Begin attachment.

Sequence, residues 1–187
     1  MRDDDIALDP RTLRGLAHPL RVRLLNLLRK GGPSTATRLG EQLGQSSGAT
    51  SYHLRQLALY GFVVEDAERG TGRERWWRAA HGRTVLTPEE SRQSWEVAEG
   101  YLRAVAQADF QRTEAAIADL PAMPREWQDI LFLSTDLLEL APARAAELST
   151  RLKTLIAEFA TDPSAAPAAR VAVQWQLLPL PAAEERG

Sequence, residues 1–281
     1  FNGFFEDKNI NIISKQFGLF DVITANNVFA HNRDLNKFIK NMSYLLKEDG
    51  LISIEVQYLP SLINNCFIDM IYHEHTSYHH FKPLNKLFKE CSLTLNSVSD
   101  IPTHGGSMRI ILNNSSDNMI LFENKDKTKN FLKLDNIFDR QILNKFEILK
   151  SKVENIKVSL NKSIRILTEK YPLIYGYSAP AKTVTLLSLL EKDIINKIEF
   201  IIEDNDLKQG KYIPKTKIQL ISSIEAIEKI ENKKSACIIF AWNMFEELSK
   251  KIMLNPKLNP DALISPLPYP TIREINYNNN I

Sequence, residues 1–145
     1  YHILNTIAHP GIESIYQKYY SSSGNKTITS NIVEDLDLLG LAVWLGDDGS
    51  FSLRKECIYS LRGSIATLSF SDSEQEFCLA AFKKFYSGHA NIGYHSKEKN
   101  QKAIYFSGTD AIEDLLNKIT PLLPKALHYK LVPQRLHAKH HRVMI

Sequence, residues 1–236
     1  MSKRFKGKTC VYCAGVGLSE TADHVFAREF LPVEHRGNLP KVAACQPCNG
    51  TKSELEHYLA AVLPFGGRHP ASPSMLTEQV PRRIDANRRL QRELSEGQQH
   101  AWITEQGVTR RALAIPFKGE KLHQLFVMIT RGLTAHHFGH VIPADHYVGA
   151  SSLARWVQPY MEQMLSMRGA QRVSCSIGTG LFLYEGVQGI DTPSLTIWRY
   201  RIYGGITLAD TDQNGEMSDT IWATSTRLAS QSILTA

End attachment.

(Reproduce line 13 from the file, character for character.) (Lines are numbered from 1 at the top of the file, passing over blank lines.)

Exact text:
Sequence, residues 1–145